HMCS Brandon

There have been 2 vessels named Brandon in the Royal Canadian Navy.

HMCS Brandon (1st of the name) (K149)

Commissioned at Québec City, Québec, on July 22, 1941, the Flower Class corvette HMCS Brandon arrived at Halifax, Nova Scotia, on August 1. In September, she joined Newfoundland Command in St. John’s and served as an ocean escort to and from Iceland until December, when she arrived in the United Kingdom for 3 months’ repairs at South Shields, England. From mid-March 1942, she served on the Newfoundland-Londonderry, Northern Ireland, and run almost continuously until September 1944. From December 1942 onward, she served with Escort Group C-4, helping defend the hard-pressed convoy HX.224 in February 1943 and in the following month escorting convoys to and from Gibraltar. In August 1943, she began a 3-month refit at Grimsby, England, including forecastle extension. She left Londonderry, Northern Ireland, September 2, 1944 to join her last transatlantic convoy, ONS.251, and after 2-months’ refit at Liverpool, Nova Scotia, worked up in Bermuda. On February 5, 1945, she arrived at St. John’s to join Escort Group W-5, Western Escort Force, in which she served until the end of the war. Paid off at Sorel, Québec, on June 22, 1945, she was broken up at Hamilton, Ontario in 1945.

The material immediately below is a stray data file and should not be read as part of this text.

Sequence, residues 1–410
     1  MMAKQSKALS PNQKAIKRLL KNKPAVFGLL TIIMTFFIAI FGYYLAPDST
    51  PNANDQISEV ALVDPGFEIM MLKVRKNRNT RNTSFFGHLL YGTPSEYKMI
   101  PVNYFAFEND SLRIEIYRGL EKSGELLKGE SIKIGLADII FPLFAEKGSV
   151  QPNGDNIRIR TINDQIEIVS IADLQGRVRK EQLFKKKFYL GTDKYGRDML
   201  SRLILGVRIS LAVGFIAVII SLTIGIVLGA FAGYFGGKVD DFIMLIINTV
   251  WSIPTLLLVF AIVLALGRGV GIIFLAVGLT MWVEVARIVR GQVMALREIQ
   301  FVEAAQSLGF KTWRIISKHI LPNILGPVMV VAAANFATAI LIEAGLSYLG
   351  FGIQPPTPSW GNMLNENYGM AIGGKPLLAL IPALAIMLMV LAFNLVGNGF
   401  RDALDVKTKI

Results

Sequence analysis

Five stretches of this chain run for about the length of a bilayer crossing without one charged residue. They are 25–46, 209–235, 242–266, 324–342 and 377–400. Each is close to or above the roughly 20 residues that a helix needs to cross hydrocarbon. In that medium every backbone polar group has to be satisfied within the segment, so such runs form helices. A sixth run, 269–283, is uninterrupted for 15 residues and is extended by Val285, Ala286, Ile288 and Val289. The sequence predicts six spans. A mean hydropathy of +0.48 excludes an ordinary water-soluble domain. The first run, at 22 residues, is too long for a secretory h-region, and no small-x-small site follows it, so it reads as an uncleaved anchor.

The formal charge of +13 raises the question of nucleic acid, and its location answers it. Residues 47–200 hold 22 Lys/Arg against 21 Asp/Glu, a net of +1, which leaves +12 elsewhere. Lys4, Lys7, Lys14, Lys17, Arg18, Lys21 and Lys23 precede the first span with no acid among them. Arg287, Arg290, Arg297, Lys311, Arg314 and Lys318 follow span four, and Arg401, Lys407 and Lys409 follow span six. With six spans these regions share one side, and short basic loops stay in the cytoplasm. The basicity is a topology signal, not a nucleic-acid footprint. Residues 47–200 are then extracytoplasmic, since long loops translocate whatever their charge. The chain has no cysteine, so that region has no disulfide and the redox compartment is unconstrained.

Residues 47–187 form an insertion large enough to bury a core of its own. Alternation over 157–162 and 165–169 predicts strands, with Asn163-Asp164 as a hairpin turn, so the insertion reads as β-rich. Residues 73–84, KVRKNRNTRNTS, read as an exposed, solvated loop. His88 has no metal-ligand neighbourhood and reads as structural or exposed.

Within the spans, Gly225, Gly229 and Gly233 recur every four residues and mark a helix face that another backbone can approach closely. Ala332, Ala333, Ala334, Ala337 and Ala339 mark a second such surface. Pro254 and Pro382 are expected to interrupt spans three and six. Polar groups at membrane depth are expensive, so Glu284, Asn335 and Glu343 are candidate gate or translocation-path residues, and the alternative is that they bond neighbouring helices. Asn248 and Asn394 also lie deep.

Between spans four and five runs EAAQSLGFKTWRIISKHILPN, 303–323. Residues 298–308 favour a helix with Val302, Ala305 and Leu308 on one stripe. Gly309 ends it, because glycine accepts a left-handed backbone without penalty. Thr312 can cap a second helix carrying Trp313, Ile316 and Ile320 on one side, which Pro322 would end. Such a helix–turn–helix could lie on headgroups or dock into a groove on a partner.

HMCS Brandon (2nd of the name) (710)

In May 1992, a contract was let to Halifax Shipyards Ltd, Halifax to build 12 Maritime Coastal Defence Vessels (MCDV) of the Kingston Class. They were designed to commercial standards and intended to conduct coastal patrols, minesweeping, law enforcement, pollution surveillance and response and search and rescue duties. The ships were fitted with modular payloads to carry out the assigned duties.

HMCS Brandon left Halifax on March 17, 1999, and headed to Esquimalt, British Columbia, and was commissioned there on June 5, 1999. Crewed almost entirely by naval reservists, she has participated in a variety of national and international operations and exercises, including fisheries and sovereignty patrols. She has supported junior naval officer training and assisted both the Royal Canadian Mounted Police and Customs Canada in carrying out their duties. She maintains a close relationship with her namesake city and her crew participates in many municipal activities.

Motto: “Vires Acquires Eundo” (She Acquires Strength Through Progress)

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